Export (0) Print
Expand All

Setting up Windows SharePoint Services as a Collaborative File Store

Archived content. No warranty is made as to technical accuracy. Content may contain URLs that were valid when originally published, but now link to sites or pages that no longer exist.
Published: August 1, 2003 | Updated : March 1, 2006

By Dustin Friesenhahn

On This Page

Introduction
Defining the Structure
Moving the Files
Troubleshooting

Introduction

Storing files in Windows SharePoint Services document libraries provides many advantages over storing files in simple network file shares. These advantages include:

  • Applying custom properties to documents so you can store more information about their content. This allows you to more effectively store, organize, and retrieve large groups of documents.

  • Using shared or personal views to sort and filter documents that are of interest.

  • Discussing documents online by using Web Discussions.

  • Using content approval so site managers can approve or reject which documents get added to a document library.

To learn about these features, refer to Windows SharePoint Services online Help. This document provides guidelines for moving files from existing network file shares and into document libraries.

Defining the Structure

The first step to migration is to define the structure for the new collaborative file store. This structure will determine when to create a new site collection, site, document library, or folder for containing the files. You must consider these factors when defining the structure:

  • Server performance and required throughput

  • Content organization

Performance and Usability

To maintain optimum server performance and ease navigation of the document libraries and folder structures, use the following guidelines as the upper limits when organizing your files:

  • 1,000 files in a folder

  • 1,000 folders per document library

  • 1,000 document libraries per site

When a site is maintained within these parameters, typical throughput is as follows:

Organizing Your Content

When organizing your content, you must decide how many site collections, sites, and document libraries you need.

Site Collections

A site collection is a set of Web sites on a virtual server where all subsites have the same owner and share all settings specified in SharePoint Central Administration. A site collection contains a top-level Web site that can contain multiple subsites. There can be multiple site collections on each virtual server.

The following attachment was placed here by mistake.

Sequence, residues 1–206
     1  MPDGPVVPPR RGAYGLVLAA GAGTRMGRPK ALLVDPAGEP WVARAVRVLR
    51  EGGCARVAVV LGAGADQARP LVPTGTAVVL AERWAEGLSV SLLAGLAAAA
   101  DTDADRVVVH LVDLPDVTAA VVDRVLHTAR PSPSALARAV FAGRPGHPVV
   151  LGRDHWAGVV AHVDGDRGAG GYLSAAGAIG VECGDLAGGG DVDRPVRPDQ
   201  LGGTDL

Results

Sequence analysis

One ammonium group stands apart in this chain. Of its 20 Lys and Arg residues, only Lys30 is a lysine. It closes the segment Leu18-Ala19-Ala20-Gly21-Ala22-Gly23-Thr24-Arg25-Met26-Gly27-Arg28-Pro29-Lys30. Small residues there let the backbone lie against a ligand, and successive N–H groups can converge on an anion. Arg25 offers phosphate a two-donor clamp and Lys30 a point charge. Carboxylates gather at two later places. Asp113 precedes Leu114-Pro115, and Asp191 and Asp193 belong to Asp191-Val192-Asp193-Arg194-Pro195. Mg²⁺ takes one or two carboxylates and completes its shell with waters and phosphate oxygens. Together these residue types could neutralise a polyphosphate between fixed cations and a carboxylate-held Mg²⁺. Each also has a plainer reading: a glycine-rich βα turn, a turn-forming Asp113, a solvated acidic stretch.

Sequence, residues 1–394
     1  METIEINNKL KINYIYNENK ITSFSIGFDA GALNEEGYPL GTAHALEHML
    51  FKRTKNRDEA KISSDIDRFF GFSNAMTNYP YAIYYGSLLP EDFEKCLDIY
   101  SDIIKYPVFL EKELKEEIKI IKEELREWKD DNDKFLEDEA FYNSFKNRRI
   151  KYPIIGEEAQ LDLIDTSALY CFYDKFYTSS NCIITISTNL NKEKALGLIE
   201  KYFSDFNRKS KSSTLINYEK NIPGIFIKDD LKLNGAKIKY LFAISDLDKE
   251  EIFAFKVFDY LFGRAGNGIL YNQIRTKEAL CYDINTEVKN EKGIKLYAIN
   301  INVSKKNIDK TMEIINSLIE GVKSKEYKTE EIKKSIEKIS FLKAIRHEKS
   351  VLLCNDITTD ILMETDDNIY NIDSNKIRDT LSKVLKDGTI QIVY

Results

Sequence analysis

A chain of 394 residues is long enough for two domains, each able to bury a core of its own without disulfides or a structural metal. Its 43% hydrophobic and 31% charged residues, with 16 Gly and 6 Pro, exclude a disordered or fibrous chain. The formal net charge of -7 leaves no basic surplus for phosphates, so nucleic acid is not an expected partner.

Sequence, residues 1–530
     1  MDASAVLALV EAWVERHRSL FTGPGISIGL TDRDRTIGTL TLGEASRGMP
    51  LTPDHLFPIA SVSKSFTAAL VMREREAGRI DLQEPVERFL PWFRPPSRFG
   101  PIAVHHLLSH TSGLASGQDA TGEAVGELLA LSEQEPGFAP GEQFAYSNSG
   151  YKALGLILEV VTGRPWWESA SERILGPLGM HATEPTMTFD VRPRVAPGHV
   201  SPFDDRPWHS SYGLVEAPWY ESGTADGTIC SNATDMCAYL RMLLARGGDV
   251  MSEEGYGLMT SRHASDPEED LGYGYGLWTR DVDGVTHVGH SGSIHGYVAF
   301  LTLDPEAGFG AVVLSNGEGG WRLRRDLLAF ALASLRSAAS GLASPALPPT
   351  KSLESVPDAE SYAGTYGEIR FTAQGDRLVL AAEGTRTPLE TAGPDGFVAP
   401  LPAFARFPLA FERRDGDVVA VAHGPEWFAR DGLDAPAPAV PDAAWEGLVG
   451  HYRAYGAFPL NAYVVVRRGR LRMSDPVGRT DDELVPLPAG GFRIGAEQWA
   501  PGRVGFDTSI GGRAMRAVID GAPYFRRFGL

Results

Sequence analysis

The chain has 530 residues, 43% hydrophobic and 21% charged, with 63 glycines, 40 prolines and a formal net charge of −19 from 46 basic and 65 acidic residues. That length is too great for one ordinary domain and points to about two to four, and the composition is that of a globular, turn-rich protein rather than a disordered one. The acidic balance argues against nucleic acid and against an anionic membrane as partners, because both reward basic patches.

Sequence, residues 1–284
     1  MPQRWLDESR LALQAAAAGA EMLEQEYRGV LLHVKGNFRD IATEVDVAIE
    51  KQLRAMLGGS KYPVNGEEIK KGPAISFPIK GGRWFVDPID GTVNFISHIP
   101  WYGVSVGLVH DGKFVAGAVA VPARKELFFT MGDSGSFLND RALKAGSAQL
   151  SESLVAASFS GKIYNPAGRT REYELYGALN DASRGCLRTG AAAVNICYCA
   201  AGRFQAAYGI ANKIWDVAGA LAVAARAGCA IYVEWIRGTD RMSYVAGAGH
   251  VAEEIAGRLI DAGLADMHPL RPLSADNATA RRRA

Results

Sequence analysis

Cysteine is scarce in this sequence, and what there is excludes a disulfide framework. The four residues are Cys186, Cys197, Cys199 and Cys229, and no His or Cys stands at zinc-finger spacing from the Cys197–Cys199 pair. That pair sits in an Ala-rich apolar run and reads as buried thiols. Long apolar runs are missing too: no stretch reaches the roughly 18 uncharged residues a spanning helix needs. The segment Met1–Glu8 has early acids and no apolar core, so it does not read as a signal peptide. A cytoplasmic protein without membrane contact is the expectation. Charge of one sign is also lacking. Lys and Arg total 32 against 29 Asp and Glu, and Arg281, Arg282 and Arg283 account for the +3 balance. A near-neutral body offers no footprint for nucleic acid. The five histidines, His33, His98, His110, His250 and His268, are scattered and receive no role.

All sites within a site collection use the same content database. If the expected traffic for the combined sites in a site collection exceeds the available throughput, separate the sites into multiple site collections. The site with heavy traffic can then be moved to a separate content database. If throughput is not an issue, it is not necessary to use more than one site collection for related files. Managing related files within one site collection allows easier navigation and control of security.

Note: You must be a member of the Administrators group on the local server or a member of the SharePoint administrators group to create a site collection. Alternatively, if you have enabled Self-Service Site Creation, you can allow end users to create their own site collections to which they can migrate files.

Sites Within a Site Collection

In general, create sites so you can place documents and lists that are related in the same site. This makes navigation more convenient and ensures that all related documents will be included in search results. However, if a site contains more than 1,000 document libraries and lists, performance begins to degrade.

Note: If Self-Service Site Creation is enabled for a virtual server, you must belong to a site group that has the Use Self-Service Site Creation right to create a site collection. That right is turned on in all default site groups. If Self-Service Site Creation is not turned on, you must belong to a site group that has the Create Subsite right to create a site. The Create Subsite right is included by default in the Administrator site group.

Document Libraries Within a Site

Document libraries can contain custom properties that store metadata about the files in the libraries. Document libraries also provide fine-grained security for granting access to files. Any files that can use the same set of properties and security settings can be stored in the same document library. (You can use views and filters to allow users to display any set of properties that they want to.) However, if a set of files requires a unique set of properties, it will need a separate document library. Similarly, if a set of files requires unique user permissions, that set will also require a different document library. Other settings that are per document library include file versioning, content approval, the default document template, and any event code written for the document library.

Note: You must be a member of a site group with the Manage Lists right to create and change document libraries. The Manage Lists right is included by default in the Web Designer and Administrator site groups.

Folders Within a Document Library

The folder structure of a document library is usually similar to the folder structure of a typical file store. For optimal performance, it is recommended that each folder contain fewer than 1,000 files. Performance and ease of navigation will degrade as the number of files in a folder increases. The depth of the folder structure might also be limited by the number of characters in the file and folder name. There can be no more than 260 total characters in the URL for a file in a document library. The maximum file or folder name length is 128 characters, including the extension.

If a folder structure has few files but lots of subfolders, consider adding properties to the document library. Views can then be added to the document library instead of subfolders. For example, create a property named Team member for a Team Documents folder instead of a subfolder for each team member.

Note: You must be a member of a site group with the Add Items right to add files to a document library. The Add Items right is included by default in every built-in site group except the Reader site group.

Moving the Files

After you have created the new site collections, sites, and document libraries, you can use one of the following methods to copy files onto the server: